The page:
Just above the dhaba was the canteen run by the owner’s brother. This man was a retired soldier and kept a cleaner business with proper furniture, unlike the dhaba where customers sat and ate off rough wood benches. The canteen also served plated meals closer to home cooked fare, snacks and drinks. Apart from omelettes, the food served was vegetarian. The owner once chatted about his time when he was posted to the Kashmir Valley on active duty and said how the sight of butcher’s shops would make him sick. Like his brother he ran a business with the help of a floating group of waiters and cooks who consisted of migrant labourers from outside the state.
For a few weeks, one waiter would chat with me in the middle of serving customers. He was a Bengali Muslim from Assam who ended up in Jammu, and who was happy to meet someone who could speak Bengali. The few short conversations we had in Bengali, even though we came from different worlds, was the closest he said he felt to home. Yet after a few weeks he was gone and when I asked about him, the canteen owner revealed that he had been paid for the month the day before and had not shown up. ‘Aur ayega!’ (More will come!) he said.
A few days later, another worker had arrived who was Bengali speaking, from West Bengal and who was again happy to meet another Bengali. This man was a stone mason who also had been travelling for work, moving from site to site until he arrived in Jammu with a group which had heard that there might be work available further north at dam construction sites. When he had arrived in Jammu one evening, he and his companions had become horribly drunk. When he recovered the next day, he discovered his companions had left him behind and had run away with his money and possessions. He bumped into the canteen owner who offered him a place to stay and some money in return for work. In his case, however, his unhappiness over the next few weeks became apparent when he was not paid and he felt trapped. He would grumble each time he served my order, ‘I am a mistri, I don’t do this work. What will I do, Dada?’ It was then that I noticed the canteen owner keeping a watch on us whenever we spoke. Eventually the mistri too left.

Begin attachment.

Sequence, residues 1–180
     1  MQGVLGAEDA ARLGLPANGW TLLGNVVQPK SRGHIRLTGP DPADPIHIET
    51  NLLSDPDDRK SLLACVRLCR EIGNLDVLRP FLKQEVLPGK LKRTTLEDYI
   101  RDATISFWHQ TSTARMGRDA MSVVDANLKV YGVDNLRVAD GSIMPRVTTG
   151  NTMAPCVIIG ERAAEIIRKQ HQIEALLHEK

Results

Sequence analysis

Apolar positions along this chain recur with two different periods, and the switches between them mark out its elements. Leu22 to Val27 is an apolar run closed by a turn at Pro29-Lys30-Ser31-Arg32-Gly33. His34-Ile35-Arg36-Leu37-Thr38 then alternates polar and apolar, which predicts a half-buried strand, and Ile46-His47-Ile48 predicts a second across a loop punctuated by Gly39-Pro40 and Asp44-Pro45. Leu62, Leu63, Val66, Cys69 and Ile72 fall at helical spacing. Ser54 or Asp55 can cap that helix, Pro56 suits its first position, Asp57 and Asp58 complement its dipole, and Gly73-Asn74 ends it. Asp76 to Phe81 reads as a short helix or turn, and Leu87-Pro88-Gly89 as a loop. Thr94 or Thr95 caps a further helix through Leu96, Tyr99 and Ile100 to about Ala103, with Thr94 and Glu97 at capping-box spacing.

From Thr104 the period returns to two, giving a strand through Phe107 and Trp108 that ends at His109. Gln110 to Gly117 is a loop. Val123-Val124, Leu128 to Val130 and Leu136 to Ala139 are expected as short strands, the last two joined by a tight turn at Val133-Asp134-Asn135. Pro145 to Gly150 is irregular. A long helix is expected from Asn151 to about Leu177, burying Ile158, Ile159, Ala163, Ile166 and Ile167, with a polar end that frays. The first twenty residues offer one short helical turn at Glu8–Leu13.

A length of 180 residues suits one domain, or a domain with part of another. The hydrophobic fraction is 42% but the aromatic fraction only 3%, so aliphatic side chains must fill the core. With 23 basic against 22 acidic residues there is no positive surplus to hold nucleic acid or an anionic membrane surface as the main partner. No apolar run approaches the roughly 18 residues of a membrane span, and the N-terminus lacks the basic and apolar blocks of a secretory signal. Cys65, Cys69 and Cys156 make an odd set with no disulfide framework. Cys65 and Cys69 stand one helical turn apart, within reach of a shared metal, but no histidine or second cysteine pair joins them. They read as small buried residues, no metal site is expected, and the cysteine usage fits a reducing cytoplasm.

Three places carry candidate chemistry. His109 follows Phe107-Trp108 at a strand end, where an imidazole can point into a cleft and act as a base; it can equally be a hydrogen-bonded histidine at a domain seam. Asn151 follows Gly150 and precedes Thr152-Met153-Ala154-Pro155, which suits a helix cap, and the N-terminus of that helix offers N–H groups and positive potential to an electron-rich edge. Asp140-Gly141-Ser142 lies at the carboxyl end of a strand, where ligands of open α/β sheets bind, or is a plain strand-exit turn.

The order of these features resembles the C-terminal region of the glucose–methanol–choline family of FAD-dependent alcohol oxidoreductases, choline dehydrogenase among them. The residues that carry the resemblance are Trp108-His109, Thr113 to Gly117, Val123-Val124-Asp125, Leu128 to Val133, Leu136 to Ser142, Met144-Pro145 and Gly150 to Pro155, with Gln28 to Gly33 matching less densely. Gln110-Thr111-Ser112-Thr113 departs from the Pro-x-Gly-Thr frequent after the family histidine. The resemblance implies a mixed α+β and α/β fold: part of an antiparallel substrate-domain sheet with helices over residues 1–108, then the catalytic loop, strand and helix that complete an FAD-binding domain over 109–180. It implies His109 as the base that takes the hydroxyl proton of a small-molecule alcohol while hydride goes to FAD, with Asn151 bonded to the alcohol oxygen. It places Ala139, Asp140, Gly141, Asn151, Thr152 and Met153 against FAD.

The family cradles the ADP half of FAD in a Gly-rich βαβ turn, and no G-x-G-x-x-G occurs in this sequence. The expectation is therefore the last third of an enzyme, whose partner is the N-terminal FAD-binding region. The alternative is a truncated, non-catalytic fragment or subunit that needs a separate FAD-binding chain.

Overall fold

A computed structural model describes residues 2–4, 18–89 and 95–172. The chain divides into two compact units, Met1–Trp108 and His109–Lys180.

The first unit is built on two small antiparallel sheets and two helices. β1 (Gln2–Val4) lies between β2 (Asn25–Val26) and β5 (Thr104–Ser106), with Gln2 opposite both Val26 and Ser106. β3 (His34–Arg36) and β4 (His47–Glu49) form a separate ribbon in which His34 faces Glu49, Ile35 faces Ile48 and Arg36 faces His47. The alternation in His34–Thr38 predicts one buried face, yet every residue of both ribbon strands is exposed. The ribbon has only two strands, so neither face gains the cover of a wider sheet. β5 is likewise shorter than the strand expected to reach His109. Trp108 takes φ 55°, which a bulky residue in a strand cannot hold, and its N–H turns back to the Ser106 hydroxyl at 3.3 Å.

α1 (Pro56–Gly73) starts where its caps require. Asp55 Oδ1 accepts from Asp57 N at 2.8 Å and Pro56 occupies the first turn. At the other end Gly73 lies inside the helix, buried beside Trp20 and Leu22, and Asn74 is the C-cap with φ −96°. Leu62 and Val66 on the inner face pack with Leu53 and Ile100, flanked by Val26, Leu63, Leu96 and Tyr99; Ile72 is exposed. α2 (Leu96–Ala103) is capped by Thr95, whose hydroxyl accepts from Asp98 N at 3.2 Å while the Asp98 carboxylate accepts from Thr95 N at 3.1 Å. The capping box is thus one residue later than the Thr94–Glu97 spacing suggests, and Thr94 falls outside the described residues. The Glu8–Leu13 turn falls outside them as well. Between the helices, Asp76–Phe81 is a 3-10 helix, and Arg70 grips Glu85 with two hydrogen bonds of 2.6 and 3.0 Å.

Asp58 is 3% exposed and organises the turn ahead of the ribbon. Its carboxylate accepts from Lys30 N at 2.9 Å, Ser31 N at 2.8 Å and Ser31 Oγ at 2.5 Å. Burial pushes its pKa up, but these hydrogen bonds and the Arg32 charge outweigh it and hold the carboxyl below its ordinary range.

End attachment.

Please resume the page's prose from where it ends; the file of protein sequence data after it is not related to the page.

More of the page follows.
4. The Smartest Man in Jammu
“Tell me bhaiya, do you believe in Swarg (heaven) or Narak (hell)?” asked Arun. Before I could reply, he continued “You might not. You are pare likhe (literate/educated). I am not. People like me believe in Heaven and Hell and it is all here. The lives of the rich are heaven and our lives are hell. That will be Rs. 10 for the bananas”.
This was one of many conversations I had with Arun Kumar, a young man who sold bananas and other fruit from his cart just outside the side gate of the university, across the dhaba. If there was anyone I met daily it was Arun Kumar. He had a steady stream of customers who would come to buy bananas. Like the dhaba, his customers included university students or anyone else passing through looking for a quick and cheap snack.
The son of labour migrants from Bihar, Arun had come many years ago as a boy with his family and once laughed about how he had spent most of his life in Jammu. He was an extremely articulate young man. I would look forward to conversations with him which varied from the profound to the inane, such as an argument where he insisted that the actress Aishwarya Rai was Bengali whereas I thought she was Mangalorean.
We once compared the places we visited, prompting him to remark that he had visited many more places in the world than me. He was also a source of useful local knowledge. Conversations with him were also a break from my own work. The spot where he came with his cart everyday was a part of the same transitory landscape with the dhaba, which provided some rough comfort for people who were passing through and did not really belong in the city.
Conversations with Arun Kumar also made me aware of the migrants from central and eastern India who came to the city to work as labourers on various construction sites. These workers were not invisible and large settlements were found across many places in the city. There was even one camp just across the road from the Kashmiri Pandit camp where I conducted fieldwork and it was not uncommon for these migrants to work at the Pandit migrant camp.
As the hours passed, the baby’s position under the tree would be shifted like the hands of a clock so that it remained in the turning shade.
Often, banana sessions at Arun’s cart would result in chance conversations with others like him who he knew or with a group of workers from Chhattisgarh who lived in a camp at the edge of the university campus, close to the gate. The Chhattisgarhis had set up a camp to work on the building of an auditorium in the university. Living in huts made of corrugated tin, the camp included men, women, and children. I remember for a few days a group of women who worked at one part of the construction site that I would pass by whenever I left the hostel. These women would leave a sleeping baby on the ground next to where they worked, under a short, skeletal tree which provided a thin strip of shade from the sun. As the hours passed, the baby’s position under the tree would be shifted like the hands of a clock so that it remained in the turning shade.
I came to know one young man from this settlement who had some years of schooling and spoke fluent Hindi. He had revealed that they had followed others from their village who had come to Jammu before and established a relationship with a local businessman who guaranteed employment to people from their village. In turn, that businessman was ensured a steady stream of docile workers who were out of their place and their elements, with little access to health care, protection or schooling for their children. According to him, he and his people had no choice as they earned barely anything from agriculture back at home, now forced to be a part of a mobile mass the city’s economy fed off.